Another reason for the high homicide rates is the liberal gun laws and free availability of illegal guns smuggled from US. The gun shops in the US states bordering Mexico do big volume business of selling guns without adequate verifications. The illegally sold arms end up in Mexico and Central America. In the case of drugs, the US claims that the production and trafficking from Latin America is the main problem and wants to stop the supplies through aerial chemical spraying of fields and arrest of traffickers. But the US does not use the same supply side logic to help in stopping the killings in Mexico and Central America with the guns produced and supplied from US.
Central America will continue to be a transit for drug trafficking and the consequent gang violence, as long as millions of Americans continue to pay billions of dollars to consume illegal drugs. The US has to admit this simple and clear truth that illegal drugs are basically a consumer driven business and has to take action within the US to stop the consumption. There will be no sellers if there are no buyers…No brainer, in American speak..
While the US is an important factor for the gang violence in Central America, one should, however, give the credit due to US for two things: the large remittances of the emigrants in US is a major source of foreign exchange revenue for Central America; Secondly, these countries benefit from the Free Trade Agreements (CAFTA) with US, which has given duty free access for Central American goods. The FTA has given rise to a sizeable maquiladora (assembly) industry in Central America for exports to US.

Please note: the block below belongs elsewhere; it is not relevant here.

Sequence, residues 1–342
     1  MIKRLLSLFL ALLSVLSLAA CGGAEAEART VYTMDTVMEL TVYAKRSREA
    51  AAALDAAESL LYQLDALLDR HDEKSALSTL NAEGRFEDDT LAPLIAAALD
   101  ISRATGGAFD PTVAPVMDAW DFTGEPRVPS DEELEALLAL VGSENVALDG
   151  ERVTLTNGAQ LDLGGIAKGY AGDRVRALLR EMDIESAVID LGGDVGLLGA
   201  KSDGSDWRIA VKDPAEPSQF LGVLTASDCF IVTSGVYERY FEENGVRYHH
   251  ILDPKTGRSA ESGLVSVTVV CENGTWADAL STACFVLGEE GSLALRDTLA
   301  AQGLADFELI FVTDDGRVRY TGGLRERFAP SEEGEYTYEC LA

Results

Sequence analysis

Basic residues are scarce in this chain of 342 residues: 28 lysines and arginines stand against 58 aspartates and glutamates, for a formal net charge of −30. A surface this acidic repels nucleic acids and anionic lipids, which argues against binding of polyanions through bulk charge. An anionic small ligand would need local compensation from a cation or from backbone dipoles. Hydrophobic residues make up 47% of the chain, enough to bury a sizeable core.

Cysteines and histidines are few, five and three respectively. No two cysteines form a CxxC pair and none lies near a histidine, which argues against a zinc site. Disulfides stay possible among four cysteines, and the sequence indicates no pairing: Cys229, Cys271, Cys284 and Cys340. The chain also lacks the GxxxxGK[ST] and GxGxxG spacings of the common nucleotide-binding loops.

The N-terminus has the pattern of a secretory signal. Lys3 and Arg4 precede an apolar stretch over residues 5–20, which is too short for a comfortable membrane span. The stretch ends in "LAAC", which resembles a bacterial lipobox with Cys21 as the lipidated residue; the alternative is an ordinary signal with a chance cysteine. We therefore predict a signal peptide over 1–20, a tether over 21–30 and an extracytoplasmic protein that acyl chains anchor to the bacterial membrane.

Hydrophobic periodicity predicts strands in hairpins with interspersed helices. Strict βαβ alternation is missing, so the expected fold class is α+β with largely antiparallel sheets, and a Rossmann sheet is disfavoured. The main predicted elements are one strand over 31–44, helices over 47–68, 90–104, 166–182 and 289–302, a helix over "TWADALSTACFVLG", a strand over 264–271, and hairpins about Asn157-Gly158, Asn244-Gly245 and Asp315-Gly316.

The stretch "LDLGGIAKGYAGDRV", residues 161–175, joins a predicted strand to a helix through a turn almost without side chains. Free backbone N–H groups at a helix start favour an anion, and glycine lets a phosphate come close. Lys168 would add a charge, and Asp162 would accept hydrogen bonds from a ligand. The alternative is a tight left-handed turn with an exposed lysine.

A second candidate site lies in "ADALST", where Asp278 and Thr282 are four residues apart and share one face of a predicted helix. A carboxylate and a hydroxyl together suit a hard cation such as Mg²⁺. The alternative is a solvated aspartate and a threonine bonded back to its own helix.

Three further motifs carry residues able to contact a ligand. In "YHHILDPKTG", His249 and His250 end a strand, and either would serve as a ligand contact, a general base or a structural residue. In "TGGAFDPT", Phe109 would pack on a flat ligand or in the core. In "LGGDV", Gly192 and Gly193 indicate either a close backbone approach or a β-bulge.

While the gang violence continues unabated in El Salvador, Honduras and Guatemala, their next door neighbour Nicaragua has not let the big gangs to take root. This is interesting since Nicaragua is much poorer in comparison to the other three and had suffered worse in the Contra War waged by the US. The CIA had recruited mercenaries from Guatemala and Honduras and armed them to attack Nicaragua in addition to instigating right wing Nicaraguan gangs to fight against the leftist Sandinista government. But the Nicaraguan authorities have prevented the emergence of gangs by their humane methods of community policing and effective disarmament of the civil war fighters. The police department had programmes to prevent youth crimes and to rehabilitate the youth who had gone astray or were vulnerable. The socialist Sandinista government had better pro-poor policies and had distributed land to the poor.
Another important reason why Nicaragua is spared of the big gangs is that they did not receive criminal deportees from LA. Those Nicaraguans who had emigrated illegally to US went mostly to Miami and not LA. In Miami, the Nicaraguan immigrants were given a sympathetic treatment by the state administration (thanks to the lobby of right wing Cuban emigres who disliked the socialistic Sandinistas) which gave them refugee status and did not deport many Nicaraguans. So the Nicaraguan immigrants were less desperate in Miami which does not have the gang culture as it exists in LA.